Lenovo ThinkStation P360 Ultra Reports Desktop Alder Lake and NVIDIA Professional Graphics
Over the past decade, advances in CPU and GPU architectures have combined extremely well with Moore’s Law’s relentless march on the silicon front. Together, these have led to portable devices that have more computing power than huge and energy-hungry machines from the turn of the century. In the desktop field, SFF (Small Form Factor) machines are now becoming a viable option for demanding professional use cases. CAD, modeling and simulation capabilities that a few years ago required large iron servers or huge tower workstations can now be served by compact systems.
Workstation notebooks that integrate high-performance mobile CPUs and professional graphics solutions from AMD (FirePro) or NVIDIA (Quadro Mobile/RTX Professional) have been around since the early 2000s. The advent of UCFF and SFF PCs has made these notebook platforms have been slowly brought to the desktop. Zotac was one of the first players in this market and continues to introduce new products in the Zotac ZBOX Q series. The company has two different lines: one with a notebook CPU and a professional mobile GPU (with a volume of 2.65L), and another with a workstation CPU (Xeons up to 80W) and a professional mobile GPU (with a volume of 2.65L). of 5.85L).
Today, Lenovo is also entering the SFF workstation PC market with its ThinkStation P360 Ultra models. The company already has small workstations that don’t support discrete GPUs, and that has been fixed in the new Ultra systems. Featuring desktop Alder Lake with an Intel W680 chipset (allowing for ECC RAM option), these systems also optionally support discrete graphics cards – up to NVIDIA RTX A5000 Mobile. Four SODIMM slots allow for up to 128 GB of ECC or non-ECC DDR5-4000 memory. Two PCIe Gen 4 x4 M.2 slots and a SATA III port behind a 2.5-inch drive slot are also available, with RAID capability for the M.2 SSDs. Depending on the choice of CPU and GPU, Lenovo plans to equip the system with one of three external power adapters with 89% efficiency – 170W, 230W or 300W.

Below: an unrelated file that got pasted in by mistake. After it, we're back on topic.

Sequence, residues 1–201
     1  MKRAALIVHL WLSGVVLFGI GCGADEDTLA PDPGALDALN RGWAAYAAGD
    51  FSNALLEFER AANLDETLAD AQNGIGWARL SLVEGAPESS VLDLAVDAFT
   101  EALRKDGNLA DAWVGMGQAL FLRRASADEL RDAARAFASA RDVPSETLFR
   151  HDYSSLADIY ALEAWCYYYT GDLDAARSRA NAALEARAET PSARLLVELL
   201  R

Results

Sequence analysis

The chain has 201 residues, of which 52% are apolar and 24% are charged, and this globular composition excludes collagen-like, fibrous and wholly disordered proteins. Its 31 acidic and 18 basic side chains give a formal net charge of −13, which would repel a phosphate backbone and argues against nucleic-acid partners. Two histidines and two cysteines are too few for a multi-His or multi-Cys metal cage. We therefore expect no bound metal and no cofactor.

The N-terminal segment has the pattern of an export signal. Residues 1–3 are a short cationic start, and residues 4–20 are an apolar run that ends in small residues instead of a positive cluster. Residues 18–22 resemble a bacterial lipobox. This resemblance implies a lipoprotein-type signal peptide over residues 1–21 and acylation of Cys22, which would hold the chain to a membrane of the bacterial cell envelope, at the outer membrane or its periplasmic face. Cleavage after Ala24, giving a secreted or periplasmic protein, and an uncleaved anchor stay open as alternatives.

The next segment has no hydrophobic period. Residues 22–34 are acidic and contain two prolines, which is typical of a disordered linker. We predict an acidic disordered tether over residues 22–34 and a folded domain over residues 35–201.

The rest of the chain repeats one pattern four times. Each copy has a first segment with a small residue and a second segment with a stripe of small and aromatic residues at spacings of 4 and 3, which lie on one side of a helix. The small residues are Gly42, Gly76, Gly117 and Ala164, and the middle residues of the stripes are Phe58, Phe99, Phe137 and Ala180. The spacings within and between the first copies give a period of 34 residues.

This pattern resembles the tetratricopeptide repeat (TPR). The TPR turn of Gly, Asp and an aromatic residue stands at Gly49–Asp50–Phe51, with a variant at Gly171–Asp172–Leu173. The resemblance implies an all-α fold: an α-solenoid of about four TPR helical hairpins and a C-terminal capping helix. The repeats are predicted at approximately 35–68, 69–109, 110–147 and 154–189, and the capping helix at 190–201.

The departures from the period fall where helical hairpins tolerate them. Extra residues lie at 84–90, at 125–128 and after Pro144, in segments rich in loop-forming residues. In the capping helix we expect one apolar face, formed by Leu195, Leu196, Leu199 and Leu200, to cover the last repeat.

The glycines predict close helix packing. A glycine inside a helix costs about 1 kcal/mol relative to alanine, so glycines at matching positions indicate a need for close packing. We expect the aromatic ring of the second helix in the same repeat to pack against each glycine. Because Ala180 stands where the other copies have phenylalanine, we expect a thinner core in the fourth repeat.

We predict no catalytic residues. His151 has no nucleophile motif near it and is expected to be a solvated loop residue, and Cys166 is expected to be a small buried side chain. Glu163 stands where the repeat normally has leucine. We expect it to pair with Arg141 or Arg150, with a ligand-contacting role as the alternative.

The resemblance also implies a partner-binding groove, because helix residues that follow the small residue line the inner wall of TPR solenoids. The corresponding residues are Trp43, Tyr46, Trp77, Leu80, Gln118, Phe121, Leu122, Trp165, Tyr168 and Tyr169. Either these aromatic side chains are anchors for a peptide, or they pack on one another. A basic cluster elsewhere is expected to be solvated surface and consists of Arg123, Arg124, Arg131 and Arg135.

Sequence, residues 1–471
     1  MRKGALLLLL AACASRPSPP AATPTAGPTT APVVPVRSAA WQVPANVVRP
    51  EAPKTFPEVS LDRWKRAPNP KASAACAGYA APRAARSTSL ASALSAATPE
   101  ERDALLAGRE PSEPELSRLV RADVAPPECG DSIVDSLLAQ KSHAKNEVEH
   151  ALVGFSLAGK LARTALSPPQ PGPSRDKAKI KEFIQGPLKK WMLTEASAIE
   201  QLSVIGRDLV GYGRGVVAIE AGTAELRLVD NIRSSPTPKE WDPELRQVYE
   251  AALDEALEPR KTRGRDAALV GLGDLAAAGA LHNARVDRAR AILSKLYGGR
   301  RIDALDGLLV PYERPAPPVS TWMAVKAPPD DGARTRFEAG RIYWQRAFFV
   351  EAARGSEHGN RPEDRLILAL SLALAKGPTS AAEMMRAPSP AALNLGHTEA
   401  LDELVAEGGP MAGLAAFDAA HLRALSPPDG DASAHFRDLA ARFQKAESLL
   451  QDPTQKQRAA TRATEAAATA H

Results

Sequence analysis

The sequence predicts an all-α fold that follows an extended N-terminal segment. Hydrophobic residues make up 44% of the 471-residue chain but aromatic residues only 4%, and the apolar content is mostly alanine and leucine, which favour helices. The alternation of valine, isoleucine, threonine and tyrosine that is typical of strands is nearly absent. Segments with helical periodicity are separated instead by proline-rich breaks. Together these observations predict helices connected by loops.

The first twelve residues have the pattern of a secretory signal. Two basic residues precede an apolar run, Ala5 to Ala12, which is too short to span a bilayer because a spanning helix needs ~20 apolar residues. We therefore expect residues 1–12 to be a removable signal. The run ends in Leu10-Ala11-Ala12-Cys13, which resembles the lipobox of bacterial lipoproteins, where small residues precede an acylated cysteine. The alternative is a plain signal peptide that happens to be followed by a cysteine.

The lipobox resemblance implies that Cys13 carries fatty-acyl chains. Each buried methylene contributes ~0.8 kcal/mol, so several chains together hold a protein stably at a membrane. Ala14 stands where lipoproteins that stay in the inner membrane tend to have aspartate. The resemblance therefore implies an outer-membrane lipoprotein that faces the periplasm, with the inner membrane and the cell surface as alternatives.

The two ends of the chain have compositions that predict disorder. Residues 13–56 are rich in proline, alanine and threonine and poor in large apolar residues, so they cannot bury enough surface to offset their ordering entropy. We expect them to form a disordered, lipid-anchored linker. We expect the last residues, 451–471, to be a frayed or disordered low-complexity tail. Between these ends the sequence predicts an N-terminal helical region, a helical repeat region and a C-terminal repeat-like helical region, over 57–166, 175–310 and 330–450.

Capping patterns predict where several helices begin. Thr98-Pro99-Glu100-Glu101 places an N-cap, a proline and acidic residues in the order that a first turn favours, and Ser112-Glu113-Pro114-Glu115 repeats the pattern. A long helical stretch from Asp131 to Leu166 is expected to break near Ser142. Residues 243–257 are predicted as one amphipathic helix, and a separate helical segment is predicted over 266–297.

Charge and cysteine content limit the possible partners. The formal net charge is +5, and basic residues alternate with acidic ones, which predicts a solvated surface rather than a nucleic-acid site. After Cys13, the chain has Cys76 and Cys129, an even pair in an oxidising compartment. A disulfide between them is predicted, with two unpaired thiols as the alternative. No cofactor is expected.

The front panel has a USB 3.2 Gen 2 Type-A and two Thunderbolt 4 Type-C ports, as well as a combo audio jack. The vanilla iGPU version has four USB 3.2 Gen 2 Type-A ports, three DisplayPort 1.4 ports, and two RJ-45 LAN ports (1x 2.5 GbE and 1x 1 GbE). On the WLAN front, the non-vPro option is the Wi-Fi 6 AX201, while the vPro option is the Wi-Fi 6E AX211. In addition to the PCIe 4.0 x16 expansion slot for the discrete GPU, the system also supports a PCIe 3.0 x4 card, such as the Intel I350-T2 dual-port Gigabit Ethernet adapter.
Measuring 87mm x 223mm x 202mm, the whole package comes in at 3.92L. To cram functionality into such a chassis, Lenovo used a custom double-sided motherboard with a unique cooling solution, as shown in the teardown image above. A fan is placed above the two M.2 slots to ensure the PCIe Gen 4 M.2 SSDs can run without thermal issues.
As usual for Lenovo’s business/professional oriented PCs, these systems are military-grade tested and come with ISV certifications from companies such as Autodesk, ANSYS, Dassault, PTC, Siemens, etc. The price starts at $1299 for the base model without a discrete GPU.
The ThinkStation P360 Ultra joins Lenovo’s already announced P360 Tiny and the P360 Tower models. The P360 Tiny doesn’t support powerful discrete GPUs (which can handle workstation workloads), while the P360 Tower goes overboard with support for 3.5-inch drives and up to four PCIe expansion cards, along with a 750W PSU. Most workstation usage scenarios can do without all those bells and whistles. Additional options for the end consumer are always welcome and that’s where the P360 Ultra comes in.